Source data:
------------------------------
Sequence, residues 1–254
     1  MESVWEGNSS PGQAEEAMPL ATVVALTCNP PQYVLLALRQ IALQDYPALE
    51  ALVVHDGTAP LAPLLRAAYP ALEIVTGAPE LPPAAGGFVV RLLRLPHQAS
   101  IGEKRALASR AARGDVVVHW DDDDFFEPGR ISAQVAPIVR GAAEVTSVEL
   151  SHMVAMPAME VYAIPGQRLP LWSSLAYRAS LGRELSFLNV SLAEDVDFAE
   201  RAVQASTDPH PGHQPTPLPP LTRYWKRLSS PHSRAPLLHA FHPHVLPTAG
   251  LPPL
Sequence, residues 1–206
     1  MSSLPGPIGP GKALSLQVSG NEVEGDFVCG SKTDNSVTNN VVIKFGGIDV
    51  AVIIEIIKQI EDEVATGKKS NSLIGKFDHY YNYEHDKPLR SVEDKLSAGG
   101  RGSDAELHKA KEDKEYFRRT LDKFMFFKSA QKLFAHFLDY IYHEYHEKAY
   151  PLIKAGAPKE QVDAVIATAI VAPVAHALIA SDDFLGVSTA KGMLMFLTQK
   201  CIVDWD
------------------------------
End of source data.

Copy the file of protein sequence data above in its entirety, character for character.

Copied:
Sequence, residues 1–254
     1  MESVWEGNSS PGQAEEAMPL ATVVALTCNP PQYVLLALRQ IALQDYPALE
    51  ALVVHDGTAP LAPLLRAAYP ALEIVTGAPE LPPAAGGFVV RLLRLPHQAS
   101  IGEKRALASR AARGDVVVHW DDDDFFEPGR ISAQVAPIVR GAAEVTSVEL
   151  SHMVAMPAME VYAIPGQRLP LWSSLAYRAS LGRELSFLNV SLAEDVDFAE
   201  RAVQASTDPH PGHQPTPLPP LTRYWKRLSS PHSRAPLLHA FHPHVLPTAG
   251  LPPL
Sequence, residues 1–206
     1  MSSLPGPIGP GKALSLQVSG NEVEGDFVCG SKTDNSVTNN VVIKFGGIDV
    51  AVIIEIIKQI EDEVATGKKS NSLIGKFDHY YNYEHDKPLR SVEDKLSAGG
   101  RGSDAELHKA KEDKEYFRRT LDKFMFFKSA QKLFAHFLDY IYHEYHEKAY
   151  PLIKAGAPKE QVDAVIATAI VAPVAHALIA SDDFLGVSTA KGMLMFLTQK
   201  CIVDWD